Other companies are taking notice and following suit. Nationwide chains like McDonald’s, Amazon, Wendy’s, and Chipotle have announced plans to raise wages to remain competitive and attract employees. What remains to be seen is whether or not the promises of increased pay will fill these open roles. 

How to attract more applicants in 2021

We certainly empathize with small business owners and franchisees who find these job market shifts frustrating and difficult to navigate, especially since you may not have the budget to increase your payroll unexpectedly. So how do you attract applicants in this new world?

Our advice is to lean in to the things you can control. Here are a few tips that we hope will make it easier for your business to attract more applicants.

1. Advertise compensation on job postings.

We’ve always recommended that employers include the compensation range on job descriptions. In a 2020 CareerPlug candidate experience study, we found that job seekers would prefer to learn about compensation sooner rather than later. This becomes even more relevant in a candidate’s job market.

In the restaurant industry, for example, the number of job postings has increased dramatically in recent months as restaurants reopen their dining rooms. As a result, an applicant in the restaurant industry who uploads their resume to job boards is bombarded with responses from employers, putting them in a position where they can be more selective about which businesses they choose to pursue. 

As an employer, you have to be as enticing as possible at the beginning of the hiring process. Candidates will concentrate on opportunities that are upfront about the pay because they don’t want to waste their time trying to guess what an employer might pay.

Make sure they don’t pass on your job opportunity simply because you didn’t advertise compensation in the job posting. And if the compensation doesn’t meet their expectations, then you’re saving your own time by not pursuing a candidate that may not convert to a hire anyway.

You could also go one step further and advertise your compensation and benefits the same way you might market a sale to customers. For example, beloved Texas gas station chain, Buc-ee’s, has long advertised their competitive pay and benefits on signs outside their stores for years with great success.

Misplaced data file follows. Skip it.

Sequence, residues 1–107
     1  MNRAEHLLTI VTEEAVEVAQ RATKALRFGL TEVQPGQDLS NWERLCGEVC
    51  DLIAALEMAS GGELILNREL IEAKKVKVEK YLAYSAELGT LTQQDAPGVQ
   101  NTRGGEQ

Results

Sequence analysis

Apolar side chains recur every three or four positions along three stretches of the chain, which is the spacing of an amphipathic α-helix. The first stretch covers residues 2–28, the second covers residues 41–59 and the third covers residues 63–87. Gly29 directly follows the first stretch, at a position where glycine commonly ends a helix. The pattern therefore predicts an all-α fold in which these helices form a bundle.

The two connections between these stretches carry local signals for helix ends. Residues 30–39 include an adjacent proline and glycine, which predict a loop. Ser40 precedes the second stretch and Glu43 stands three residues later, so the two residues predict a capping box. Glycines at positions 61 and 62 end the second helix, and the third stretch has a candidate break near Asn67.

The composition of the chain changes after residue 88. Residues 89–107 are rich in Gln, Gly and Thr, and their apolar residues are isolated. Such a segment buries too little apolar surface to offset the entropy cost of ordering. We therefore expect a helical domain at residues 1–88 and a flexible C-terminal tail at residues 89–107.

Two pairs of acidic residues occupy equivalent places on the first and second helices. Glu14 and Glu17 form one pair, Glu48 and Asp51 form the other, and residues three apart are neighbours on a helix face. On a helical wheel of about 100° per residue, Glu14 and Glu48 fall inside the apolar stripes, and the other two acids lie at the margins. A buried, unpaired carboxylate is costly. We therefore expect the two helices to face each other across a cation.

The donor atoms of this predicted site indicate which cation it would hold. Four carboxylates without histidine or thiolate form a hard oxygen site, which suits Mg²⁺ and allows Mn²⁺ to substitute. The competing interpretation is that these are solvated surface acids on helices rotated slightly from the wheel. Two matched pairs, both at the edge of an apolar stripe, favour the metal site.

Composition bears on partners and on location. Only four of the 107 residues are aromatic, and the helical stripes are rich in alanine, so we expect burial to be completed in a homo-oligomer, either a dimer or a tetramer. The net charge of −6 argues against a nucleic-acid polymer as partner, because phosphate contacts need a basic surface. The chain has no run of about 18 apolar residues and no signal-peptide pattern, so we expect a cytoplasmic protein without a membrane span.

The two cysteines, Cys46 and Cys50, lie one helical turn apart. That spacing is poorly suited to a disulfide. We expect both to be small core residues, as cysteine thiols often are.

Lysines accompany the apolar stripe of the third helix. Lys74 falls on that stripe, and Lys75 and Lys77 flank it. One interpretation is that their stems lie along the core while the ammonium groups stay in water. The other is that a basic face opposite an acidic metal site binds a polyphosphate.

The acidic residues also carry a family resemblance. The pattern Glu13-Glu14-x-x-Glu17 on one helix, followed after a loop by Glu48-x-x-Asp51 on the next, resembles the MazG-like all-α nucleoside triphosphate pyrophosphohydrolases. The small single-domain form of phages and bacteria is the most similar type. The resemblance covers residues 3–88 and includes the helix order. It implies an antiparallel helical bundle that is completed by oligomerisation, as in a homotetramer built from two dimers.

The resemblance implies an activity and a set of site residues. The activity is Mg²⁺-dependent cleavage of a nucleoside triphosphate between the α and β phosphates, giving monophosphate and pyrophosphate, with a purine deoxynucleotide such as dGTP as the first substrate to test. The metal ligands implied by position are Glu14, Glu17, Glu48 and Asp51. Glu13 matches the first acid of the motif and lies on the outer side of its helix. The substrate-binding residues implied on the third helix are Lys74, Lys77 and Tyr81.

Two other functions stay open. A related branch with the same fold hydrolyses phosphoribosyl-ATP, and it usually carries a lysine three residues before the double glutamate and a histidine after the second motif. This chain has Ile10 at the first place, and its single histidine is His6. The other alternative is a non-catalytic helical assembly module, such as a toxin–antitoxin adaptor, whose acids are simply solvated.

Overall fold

Buc-ee's advertises their wages
Source: Dallas Morning News

2. Offer a signing bonus.

Most employers are familiar with employee referral programs, a recruiting tactic in which employees are incentivized to produce high-quality candidate leads in exchange for a cash bonus. Employee referrals are always going to be an excellent source of candidates who convert into hires at a 13 times higher rate than applicants from job boards. But in 2021, you might want to also consider offering a bonus to the applicants themselves.

If your objective is to make your job posting stand out from competitors — and it should be — then offering a cash signing bonus is a great recruiting tactic. This may be a new strategy for you as an employer, but we’re in experimentation mode in 2021. You’re going to have to get creative to attract great employees to your roles. 

When you consider the cost of the time you’d spend recruiting, as well as job advertisements and other recruitment marketing costs, it’s actually not too far-fetched to instead divert some of that budget directly into your new hires’ pockets. It also serves as a signal to other job seekers that a company values talent. 

For employers who are nervous about implementing a cash bonus program, you can always add a stipulation that the signing bonus will be paid after a specified probationary period has passed.